Frequently Asked Questions about Divorce

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Filing for divorce can flip your world upside down. Suddenly, shared custody agreements require parents to spend nights without their children. Decisions must be made about how to divide property. Seemingly overnight, your entire financial situation could shift dramatically. It’s a process that is filled with high emotion, anxiety, and overwhelming change. Knowledge and preparation can help alleviate these emotions; below are some of the most-asked questions surrounding divorce:

What is the difference between divorce and annulment?

The key difference between a divorce and an annulment is that an annulment treats a marriage as if it never existed, while a divorce legally ends a marriage. When moving for an annulment, the couple must prove that the marriage was not legal to begin with. Examples include the concealment of major details such as criminal history, if one or both parties were incapacitated due to drugs, alcohol, or mental disability, or if one or both parties were already married.

How much does it cost to file for a divorce?

When filing for divorce, there are various fees you’ll need to pay, including filing fees and attorney fees. Your attorney fees will vary depending on who you hire, and your filing fees will depend on where you live, with the average cost ranging from $100 to $350 throughout the U.S. You can check your Circuit Court’s website or reach out to your Circuit Clerk for help in determining your county’s filing fees.

How long does it take to get a divorce?

The time it takes to get a divorce depends on where you live, as well as if your divorce is uncontested or not. If you and your spouse agree on the terms of your divorce, filing a Joint Stipulation with the terms of your agreement is the quickest way to legally dissolve your marriage. There is a 30-day waiting period after your divorce petition is filed before it can be granted by the court. However, if you cannot agree on the terms of the petition, the process will take more time.

What is the procedure for getting a divorce?

While the divorce process is unique for everybody, there are some steps that anyone seeking a divorce must take. In the beginning stage, the spouse who begins the divorce process will need to file a petition outlining how they feel property should be divided, whether their spouse should pay or receive maintenance, and the preferred custodial arrangement for any children. From there, the divorce process can vary widely, with the potential of mediation, settlement, and/or a court hearing before the divorce is final. We’ve prepared a detailed roadmap to divorce available on our website to help you understand what the path forward could look like for you.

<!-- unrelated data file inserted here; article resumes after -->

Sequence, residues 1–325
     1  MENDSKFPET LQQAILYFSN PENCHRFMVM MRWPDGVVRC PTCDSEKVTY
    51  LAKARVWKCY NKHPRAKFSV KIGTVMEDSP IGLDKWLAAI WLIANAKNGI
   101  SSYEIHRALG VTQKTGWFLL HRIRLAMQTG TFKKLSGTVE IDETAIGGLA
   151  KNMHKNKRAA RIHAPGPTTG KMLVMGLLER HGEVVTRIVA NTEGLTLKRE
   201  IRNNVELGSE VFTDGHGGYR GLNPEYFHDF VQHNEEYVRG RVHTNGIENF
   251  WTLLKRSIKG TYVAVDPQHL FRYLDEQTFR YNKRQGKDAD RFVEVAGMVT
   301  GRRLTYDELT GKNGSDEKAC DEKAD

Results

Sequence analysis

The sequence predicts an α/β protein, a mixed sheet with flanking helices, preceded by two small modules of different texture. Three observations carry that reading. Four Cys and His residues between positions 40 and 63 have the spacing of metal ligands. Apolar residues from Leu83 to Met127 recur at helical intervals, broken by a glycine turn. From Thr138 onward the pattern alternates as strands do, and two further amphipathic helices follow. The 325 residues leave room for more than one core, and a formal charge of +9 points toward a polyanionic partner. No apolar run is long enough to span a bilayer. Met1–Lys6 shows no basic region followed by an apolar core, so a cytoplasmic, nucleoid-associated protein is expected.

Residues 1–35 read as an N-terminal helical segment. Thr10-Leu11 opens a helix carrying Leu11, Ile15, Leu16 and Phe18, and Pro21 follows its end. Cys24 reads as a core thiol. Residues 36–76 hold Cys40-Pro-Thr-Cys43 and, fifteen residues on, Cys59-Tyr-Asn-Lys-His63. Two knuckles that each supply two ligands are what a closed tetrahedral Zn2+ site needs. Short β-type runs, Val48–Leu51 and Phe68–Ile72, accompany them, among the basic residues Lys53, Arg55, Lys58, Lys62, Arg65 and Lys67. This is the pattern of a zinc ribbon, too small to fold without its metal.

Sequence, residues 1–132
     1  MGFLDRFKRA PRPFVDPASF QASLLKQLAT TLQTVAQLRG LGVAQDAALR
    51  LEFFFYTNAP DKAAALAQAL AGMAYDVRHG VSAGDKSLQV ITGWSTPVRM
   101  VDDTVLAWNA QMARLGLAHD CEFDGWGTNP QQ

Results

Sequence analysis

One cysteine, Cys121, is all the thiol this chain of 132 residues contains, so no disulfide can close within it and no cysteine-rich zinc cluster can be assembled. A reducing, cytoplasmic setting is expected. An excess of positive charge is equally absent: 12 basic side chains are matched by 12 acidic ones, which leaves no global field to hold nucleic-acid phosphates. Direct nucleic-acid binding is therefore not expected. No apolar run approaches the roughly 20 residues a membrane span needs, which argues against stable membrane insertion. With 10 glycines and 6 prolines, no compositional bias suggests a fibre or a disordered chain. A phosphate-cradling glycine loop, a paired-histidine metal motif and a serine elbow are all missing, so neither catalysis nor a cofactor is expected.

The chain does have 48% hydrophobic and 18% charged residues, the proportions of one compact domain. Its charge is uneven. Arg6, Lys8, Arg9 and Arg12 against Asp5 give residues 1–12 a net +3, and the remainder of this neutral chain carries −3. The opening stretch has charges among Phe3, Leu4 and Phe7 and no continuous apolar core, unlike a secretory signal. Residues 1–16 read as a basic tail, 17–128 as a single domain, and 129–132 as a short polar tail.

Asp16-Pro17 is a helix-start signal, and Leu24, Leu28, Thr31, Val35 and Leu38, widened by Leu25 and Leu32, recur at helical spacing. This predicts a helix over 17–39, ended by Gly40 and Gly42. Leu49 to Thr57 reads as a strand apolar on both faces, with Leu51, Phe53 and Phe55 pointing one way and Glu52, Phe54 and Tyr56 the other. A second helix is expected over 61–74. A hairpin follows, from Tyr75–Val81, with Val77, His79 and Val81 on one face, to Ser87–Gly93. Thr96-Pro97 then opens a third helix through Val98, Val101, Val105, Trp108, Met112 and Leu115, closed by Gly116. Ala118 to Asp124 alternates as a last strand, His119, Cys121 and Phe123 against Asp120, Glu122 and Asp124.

Who gets custody during divorce proceedings? How is custody and child support determined?

During divorce proceedings, temporary support orders (commonly known as Pendente Lite Relief) can be set by a judge to establish temporary financial and parental rights. Pendente Lite Relief is much quicker than a final trial and can prevent a spouse from closing a joint back account, refusing child support, or refusing parenting time to their co-parent. The purpose of these temporary orders is to keep things fair throughout the process and to protect both parties, as well as any children that are involved.

Ultimately, a judge must decide what is in a child’s best interest when determining custody and child support. Factors a judge will consider include the wishes of each parent, the mental and physical health of all parties involved, intention to relocate, important relationships in the child’s life (siblings, half siblings, grandparents, etc.), and the child’s wishes. Once custody is determined, the court utilizes a Form 14 (in Missouri) to calculate child support amounts.

At Aramjoo Law Firm, we understand that the decision to divorce your spouse is a difficult one that impacts many aspects of your life. Every couple (and divorce) is unique, which is why we guide our clients through the process with their best interests and more importantly, their wishes, top of mind. If you or someone you know is considering divorce in the Liberty or Kansas City, MO area, our Liberty family lawyer  in Aramjoo Law Firm is always here to help at (816) 479-5898. Contact us today!

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